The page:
Photographer Lucinda Grange prefers to explore darkness in the city of light
It’s a balmy afternoon in Paris, August 2014 and Grange has arrived with friends to explore the Catacombs, the labyrinth of stone mines beneath the city that became a burial ground to six million of Paris’s dead in the eighteenth century, writes Ian Hamilton. It’s known as the world’s largest grave.
But Grange doesn’t want to see its official persona, available during tourist hours. Not for the first time, she has come with a small group of friends, intent on visiting the tunnels after dark. On the way to the Eiffel Tower, she is asked for directions from well spoken and well dressed stranger. They chat on the Metro as it pulls out of the station. This is Mostafa’s first time in Europe and he wants to know if Paris is the sort of place to bring his fiancé for their honeymoon. As they approach the Eiffel Tower, Grange invites him to a secret underground party. He agrees, but informs her that he doesn’t drink alcohol. They meet with the rest of the group on a public street in the bright Paris sunlight. Opening a manhole, (“If the authorities have locked it, anyone in Paris can tell you which one to try next,” says Grange), they climb down a ladder into darkness. Mostafa is handed a head-torch and they enter what Grange calls “a different world”.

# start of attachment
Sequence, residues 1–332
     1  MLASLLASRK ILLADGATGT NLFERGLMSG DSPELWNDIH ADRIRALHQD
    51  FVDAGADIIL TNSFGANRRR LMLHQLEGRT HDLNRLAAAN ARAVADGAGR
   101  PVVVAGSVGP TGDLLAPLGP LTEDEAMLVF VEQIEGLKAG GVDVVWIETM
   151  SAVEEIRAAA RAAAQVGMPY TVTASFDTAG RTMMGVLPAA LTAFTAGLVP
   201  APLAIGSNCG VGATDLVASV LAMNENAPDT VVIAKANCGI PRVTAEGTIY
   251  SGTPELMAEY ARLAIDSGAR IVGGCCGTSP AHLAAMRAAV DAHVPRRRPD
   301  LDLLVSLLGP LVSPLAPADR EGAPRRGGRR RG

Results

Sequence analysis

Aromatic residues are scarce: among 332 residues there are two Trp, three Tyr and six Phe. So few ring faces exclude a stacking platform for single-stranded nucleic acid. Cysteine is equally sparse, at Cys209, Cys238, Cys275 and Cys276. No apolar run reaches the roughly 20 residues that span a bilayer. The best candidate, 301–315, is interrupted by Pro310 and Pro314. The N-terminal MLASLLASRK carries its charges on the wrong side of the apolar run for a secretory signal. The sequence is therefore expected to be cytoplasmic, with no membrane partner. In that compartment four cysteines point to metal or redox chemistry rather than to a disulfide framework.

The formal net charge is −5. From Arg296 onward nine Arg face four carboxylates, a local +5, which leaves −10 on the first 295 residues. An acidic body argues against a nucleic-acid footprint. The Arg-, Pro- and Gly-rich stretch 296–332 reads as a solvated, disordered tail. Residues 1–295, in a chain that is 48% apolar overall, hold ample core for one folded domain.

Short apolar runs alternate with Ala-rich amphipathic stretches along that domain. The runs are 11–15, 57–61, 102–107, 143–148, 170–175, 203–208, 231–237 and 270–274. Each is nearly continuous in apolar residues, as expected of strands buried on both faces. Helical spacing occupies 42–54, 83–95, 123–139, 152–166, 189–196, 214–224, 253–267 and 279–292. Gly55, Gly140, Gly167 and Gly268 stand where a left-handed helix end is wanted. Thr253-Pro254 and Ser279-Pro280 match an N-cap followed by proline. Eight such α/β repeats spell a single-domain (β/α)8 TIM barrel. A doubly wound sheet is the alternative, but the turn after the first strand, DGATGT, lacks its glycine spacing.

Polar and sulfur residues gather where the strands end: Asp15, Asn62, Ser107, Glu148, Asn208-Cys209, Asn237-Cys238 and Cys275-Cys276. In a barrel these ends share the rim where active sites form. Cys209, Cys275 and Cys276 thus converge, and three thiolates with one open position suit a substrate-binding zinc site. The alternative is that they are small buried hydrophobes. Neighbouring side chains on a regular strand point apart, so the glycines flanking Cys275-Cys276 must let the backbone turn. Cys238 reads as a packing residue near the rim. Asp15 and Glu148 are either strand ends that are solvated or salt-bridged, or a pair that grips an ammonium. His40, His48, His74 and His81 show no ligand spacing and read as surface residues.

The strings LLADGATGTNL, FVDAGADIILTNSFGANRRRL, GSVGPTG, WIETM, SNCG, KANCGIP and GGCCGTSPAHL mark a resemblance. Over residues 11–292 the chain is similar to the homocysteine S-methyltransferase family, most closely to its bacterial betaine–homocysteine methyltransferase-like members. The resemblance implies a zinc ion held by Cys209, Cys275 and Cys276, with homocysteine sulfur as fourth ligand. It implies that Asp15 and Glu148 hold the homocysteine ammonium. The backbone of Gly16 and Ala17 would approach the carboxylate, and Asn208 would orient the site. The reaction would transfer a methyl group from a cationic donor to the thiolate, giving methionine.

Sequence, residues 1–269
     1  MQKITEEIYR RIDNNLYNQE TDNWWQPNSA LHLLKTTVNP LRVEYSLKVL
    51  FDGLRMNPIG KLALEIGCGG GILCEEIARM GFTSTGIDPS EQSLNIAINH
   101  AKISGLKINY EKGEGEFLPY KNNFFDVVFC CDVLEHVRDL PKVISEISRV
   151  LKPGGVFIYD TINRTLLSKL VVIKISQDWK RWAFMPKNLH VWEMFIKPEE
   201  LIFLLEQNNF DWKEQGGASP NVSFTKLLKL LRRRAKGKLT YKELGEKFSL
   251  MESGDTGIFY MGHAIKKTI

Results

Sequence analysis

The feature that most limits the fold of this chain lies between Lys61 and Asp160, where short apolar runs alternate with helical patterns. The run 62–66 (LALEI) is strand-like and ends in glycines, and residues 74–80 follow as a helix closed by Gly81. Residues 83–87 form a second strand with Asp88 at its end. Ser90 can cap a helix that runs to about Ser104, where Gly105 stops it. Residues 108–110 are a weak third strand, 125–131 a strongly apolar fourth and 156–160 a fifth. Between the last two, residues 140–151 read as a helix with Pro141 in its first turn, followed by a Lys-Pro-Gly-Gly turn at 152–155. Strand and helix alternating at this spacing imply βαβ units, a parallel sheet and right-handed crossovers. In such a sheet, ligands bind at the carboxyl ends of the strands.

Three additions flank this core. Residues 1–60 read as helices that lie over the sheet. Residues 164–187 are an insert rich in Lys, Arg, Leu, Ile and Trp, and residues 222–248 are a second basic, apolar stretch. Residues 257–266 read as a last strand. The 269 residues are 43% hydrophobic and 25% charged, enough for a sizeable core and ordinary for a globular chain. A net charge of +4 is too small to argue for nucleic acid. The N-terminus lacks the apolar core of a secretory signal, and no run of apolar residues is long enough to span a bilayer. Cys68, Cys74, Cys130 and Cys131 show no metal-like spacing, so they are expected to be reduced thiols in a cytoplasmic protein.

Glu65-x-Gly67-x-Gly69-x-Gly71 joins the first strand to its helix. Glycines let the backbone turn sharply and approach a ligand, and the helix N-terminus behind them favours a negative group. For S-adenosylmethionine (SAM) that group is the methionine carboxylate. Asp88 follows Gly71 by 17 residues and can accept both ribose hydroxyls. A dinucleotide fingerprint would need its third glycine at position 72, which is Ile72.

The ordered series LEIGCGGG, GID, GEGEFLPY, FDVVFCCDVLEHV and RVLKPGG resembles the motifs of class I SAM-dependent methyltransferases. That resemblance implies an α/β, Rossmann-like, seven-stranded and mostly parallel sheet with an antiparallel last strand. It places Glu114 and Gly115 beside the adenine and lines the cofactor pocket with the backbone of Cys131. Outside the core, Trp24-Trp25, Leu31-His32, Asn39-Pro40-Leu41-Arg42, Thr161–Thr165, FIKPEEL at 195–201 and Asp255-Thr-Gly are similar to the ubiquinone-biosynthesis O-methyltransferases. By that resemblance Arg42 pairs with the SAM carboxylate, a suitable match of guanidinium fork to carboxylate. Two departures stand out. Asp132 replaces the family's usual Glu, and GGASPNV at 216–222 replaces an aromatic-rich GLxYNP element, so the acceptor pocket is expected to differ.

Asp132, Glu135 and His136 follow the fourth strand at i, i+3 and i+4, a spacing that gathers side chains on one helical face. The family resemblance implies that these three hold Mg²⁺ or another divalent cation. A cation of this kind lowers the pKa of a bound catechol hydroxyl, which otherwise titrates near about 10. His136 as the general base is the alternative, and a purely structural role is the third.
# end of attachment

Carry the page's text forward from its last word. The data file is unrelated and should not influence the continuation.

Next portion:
Read the full version in The Northern Correspondent #4